AR overlays digital information onto the physical world through a window—like an iPad. In shipbuilding, the potential applications are enormous, including comparing a 3D product model to its physical counterpart, planning and training for future work, step-by-step maintenance instructions, and highlighting potential safety concerns.

AR delivers more information in an intuitive way—making every shipbuilder and sailor more knowledgeable and capable. “Augmented Reality should be employed first in places where it creates the most value—and that actually can be subjective,” states Ryan. “Sometimes, this is helping people become more efficient and working more quickly, sometimes this is about helping to reduce errors and rework, and sometimes it is all about improving safety.” The new generation of Rosie’s will use all forms of new technology and mobile devices to be faster at winning the global economic race.

The Training Within Industry Institute has actively participated with Newport News Shipbuilding and other leading organizations across the globe to help them deploy the TWI Programs. This new Augmented TWI application can be the answer to making businesses more competitive faster so they and their workers can maintain America’s standing as the world’s leading manufacturing powerhouse.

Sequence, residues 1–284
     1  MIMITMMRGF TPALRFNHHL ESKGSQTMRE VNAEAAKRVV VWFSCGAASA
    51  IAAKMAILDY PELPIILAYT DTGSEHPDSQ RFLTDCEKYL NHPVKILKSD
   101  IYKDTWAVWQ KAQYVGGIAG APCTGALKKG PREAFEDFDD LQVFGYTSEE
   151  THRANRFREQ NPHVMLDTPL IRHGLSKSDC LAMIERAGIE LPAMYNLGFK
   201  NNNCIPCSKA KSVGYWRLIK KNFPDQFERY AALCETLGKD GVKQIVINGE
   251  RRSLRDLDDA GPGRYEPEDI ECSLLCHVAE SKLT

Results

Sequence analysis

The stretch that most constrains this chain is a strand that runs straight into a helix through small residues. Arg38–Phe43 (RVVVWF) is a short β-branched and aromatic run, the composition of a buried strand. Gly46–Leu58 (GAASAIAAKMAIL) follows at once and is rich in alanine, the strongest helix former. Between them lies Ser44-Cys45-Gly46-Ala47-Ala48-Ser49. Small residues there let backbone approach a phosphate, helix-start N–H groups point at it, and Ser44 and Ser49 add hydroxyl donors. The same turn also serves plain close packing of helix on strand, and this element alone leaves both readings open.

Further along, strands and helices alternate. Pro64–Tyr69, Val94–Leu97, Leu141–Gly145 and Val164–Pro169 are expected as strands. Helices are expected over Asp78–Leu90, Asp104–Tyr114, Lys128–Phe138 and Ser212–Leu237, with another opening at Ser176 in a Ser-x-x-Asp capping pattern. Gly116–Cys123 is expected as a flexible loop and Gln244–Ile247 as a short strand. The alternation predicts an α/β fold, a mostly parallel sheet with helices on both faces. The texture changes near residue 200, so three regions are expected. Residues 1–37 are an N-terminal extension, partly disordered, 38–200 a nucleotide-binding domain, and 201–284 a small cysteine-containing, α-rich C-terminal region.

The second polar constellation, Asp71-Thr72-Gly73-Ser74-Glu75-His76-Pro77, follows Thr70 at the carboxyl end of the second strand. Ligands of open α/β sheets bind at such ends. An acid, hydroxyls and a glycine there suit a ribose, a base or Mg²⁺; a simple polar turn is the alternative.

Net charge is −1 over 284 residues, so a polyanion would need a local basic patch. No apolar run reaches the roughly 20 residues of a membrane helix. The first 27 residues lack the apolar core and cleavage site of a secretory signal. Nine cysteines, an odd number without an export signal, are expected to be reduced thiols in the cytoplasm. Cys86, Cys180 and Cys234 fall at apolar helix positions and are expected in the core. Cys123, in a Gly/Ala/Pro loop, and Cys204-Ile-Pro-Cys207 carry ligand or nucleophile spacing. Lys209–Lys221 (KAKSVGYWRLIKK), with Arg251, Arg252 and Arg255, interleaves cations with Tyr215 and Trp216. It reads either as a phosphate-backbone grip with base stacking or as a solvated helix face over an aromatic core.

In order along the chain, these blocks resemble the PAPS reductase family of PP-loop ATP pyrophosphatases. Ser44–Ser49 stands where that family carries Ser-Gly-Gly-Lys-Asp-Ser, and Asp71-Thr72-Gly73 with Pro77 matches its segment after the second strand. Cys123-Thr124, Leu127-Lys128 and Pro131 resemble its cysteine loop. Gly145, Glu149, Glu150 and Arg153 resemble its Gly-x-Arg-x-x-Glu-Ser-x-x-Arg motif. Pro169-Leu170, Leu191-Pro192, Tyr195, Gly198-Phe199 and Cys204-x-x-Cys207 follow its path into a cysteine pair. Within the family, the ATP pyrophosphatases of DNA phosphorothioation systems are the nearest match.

The core of the TWI process is the ability to quickly teach a person a new skill or job correctly, safely and conscientiously. “Couple this process with the emerging technology of AR and you create a training and skills transfer platform that is unequaled,” states Scott Curtis CEO of CNYTDO and president of TWI Institute. “Getting the job done right the first time, every time is no longer an unreachable goal.”

Using TWI and AR will tap in to the hidden talent of the existing workforce. Additionally, AR breaks down very complex designs and fabrications into manageable and achievable tasks without trial and error and all of the waste and cost associated with traditional methods.

"The power of TWI is its impact of developing people in any organization—regardless of the industry, at any level in the organization—to have a fundamental skill, behavior, and ability to solve problems at an accelerated pace and at a more effective level," says Jim Huntzinger, President and Founder of Lean Frontiers. He further explains, “As this pattern of skills traverses the organization, this problem-solving skill reaches all facets of the business, which substantially improves the organization’s competitiveness and increases the value and capability. Companies which have continued to mature in their use and deployment of TWI have created improvements in areas they would have never realized under traditional means. Significant competitive value and improvements have become their reality.”

To learn more about Augmented TWI and engaging people consider attending the TWI & LEAN HR Summit May 12-13, 2016, in San Antonio, Texas.

Glenn Marshall, a retired Newport News Shipbuilding executive, is the AME Chair, Manufacturing As A Career Path. This article is based on a NNS presentation at the AME International Lean Conference last fall.